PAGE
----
3 min

Gotta dance

But where's a bouncy homo to go?

WHASSUP? Kyle Rae insists he's no villain when it comes to gay dance spots. Credit: Xtra files

Queers are a dancing people. We love to kick up our heels when we

celebrate – but that’s getting harder and harder to do in the gay village.

“We have to protect dancefloor space,” says Fly manager, Shaun Ryker. “We lost One Isabella, the Web, Liquid, Joy. Boots is gone. And there’s rumours that the Barn’s going to end up being condos in a couple of years. Then what’s left?”

Some of those clubs closed under pressure from the area’s gay city councillor.

And add to the list the goth Queen West bar Sanctuary, and the upcoming closure of club kid hang out, Industry – both popular with gay clientele.

Where do we go now?

Zoning by-laws, initiated in 1982, make it nearly impossible to open a dancefloor on Church St.

“It’s all been constructed around separating residential from commercial,” says City Councillor Kyle Rae. “In my experience, people who want to put in dancefloors have a bad track record of ill treating their neighbours.”

Church St itself is zoned commercial and you can open pretty much any type of restaurant or bar along the strip. But you cannot acquire a valued “entertainment” licence to run a dance club if your site abuts residential areas (which all of Church St does), mostly due to sound problems in the past.

“I get complaints from gay people who go to dances, who go to discos, go to night clubs and they get home and they can’t sleep because of noise,” says Rae.

Tango owner Sean Roach supports Rae’s sentiment, even if a few years back his own bar fell on the wrong side of neighbouring residents’ wrath, “I’m not saying that great gay dance space wouldn’t be a wonderful addition to Church because it would. But part of the beauty of downtown Toronto is that people live here, too. They keep it clean and they keep it vital. That’s really important. And if we’re going to do something, we have to remember that people live here.”

Tango, the only new dancefloor on Church in recent years, complied with the rules by making some major structural changes. “The city inspectors came down pretty heavy at the time. We didn’t conform,” admits Roach.

Without an entertainment licence any bar or restaurant is allowed a small percentage of dancefloor space in relationship to the whole premise.

“Total entertainment space includes your stage, pool tables, dancefloor, your deejay booth – all that kind of stuff. We didn’t conform -so they made us take down a pool table and decrease the size of the dance floor. And then we were fine. Upstairs it used to be the entire space was dancing – now it’s just the south side and we restricted it with some stand up rails. We boarded up all the windows, sound insulated all the doors, eliminated the skylights.”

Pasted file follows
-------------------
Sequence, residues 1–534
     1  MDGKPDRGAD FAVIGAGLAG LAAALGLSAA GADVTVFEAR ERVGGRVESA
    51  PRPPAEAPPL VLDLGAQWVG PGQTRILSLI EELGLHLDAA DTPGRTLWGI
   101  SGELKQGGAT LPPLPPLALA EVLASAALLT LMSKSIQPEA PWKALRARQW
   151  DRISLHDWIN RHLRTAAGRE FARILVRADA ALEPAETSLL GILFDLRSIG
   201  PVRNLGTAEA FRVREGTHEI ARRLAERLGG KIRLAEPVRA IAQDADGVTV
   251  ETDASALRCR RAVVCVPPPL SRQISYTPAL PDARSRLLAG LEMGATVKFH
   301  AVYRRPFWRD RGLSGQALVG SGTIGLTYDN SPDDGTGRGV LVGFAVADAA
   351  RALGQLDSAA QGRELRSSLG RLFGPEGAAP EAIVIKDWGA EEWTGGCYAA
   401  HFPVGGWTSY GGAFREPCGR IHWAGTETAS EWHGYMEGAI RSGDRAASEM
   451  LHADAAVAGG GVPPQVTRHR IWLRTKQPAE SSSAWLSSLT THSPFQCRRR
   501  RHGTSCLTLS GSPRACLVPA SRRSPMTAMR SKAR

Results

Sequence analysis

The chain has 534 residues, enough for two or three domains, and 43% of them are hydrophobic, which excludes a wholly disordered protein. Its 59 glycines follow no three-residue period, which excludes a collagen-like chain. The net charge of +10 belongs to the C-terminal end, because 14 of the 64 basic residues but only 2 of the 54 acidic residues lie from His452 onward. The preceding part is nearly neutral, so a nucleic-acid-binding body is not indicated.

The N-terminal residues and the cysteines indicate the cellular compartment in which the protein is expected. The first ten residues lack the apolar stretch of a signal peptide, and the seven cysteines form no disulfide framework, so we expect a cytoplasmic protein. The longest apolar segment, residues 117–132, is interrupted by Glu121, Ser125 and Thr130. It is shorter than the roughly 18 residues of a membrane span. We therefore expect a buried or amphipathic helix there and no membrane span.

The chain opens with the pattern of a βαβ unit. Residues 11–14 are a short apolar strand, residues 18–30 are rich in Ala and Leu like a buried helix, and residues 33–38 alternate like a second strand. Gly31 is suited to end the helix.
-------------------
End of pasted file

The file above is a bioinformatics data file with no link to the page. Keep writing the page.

The only option the city offers is the Entertainment District, in the Richmond St area. It’s packed full of straight clubs – and is almost a riot scene at closing time.

But shuffling queer partiers into the bursting entertainment district is not a solution – as the Inside Out Festival found out recently. It holds screenings at the Paramount cinema.

“Richmond St has always been that very hetero club scene but I think it’s getting more suburban,” says festival director, Rachel Giese. “The way it’s going with the Hooters opening down there and stuff, it’s completely catering to that suburban, frat boy kind of energy and clientele. It’s a very weird neighbourhood that sort of way.

“We’ve had really mixed experiences,” reports Giese about reactions to festival parties at clubs in the area. “All the owners pay lip service knowing that they have gay clientele. But most of the issues we had weren’t with owners – it was more with the regular patrons. They said stuff. They said homophobic things. There was no one really horrible incident. It was just stupid stuff – that kind of juvenile name-calling.”

It’s a concern shared by Constable Rich Petrie of 52 Division’s plainclothes squad. He says policing that area on Friday and Saturday nights “taxes our resources,” with half of the division’s foot and bicycle patrols absorbed.

Squad cars remain more evenly distributed throughout the division.

In 1994, Rae joined a fight to extend the limited areas of the city that qualified for an entertainment licence. The expanded area now includes Church St south of Queen and Yonge St north to Carlton. An area fairly close to the centre of the gay community’s, he says.

“Shifting that over in 1994 provided a far greater opportunity and no one has taken it,” complains Rae. “That’s my disappointment.”

Tango’s Roach points out the viability of the old bingo hall at Church near Shuter (slightly outside the designated area) amongst other locations that could be developed near the ghetto.

“There’d be more gay dance clubs – they’d be legal and I’d help them,” promises Rae.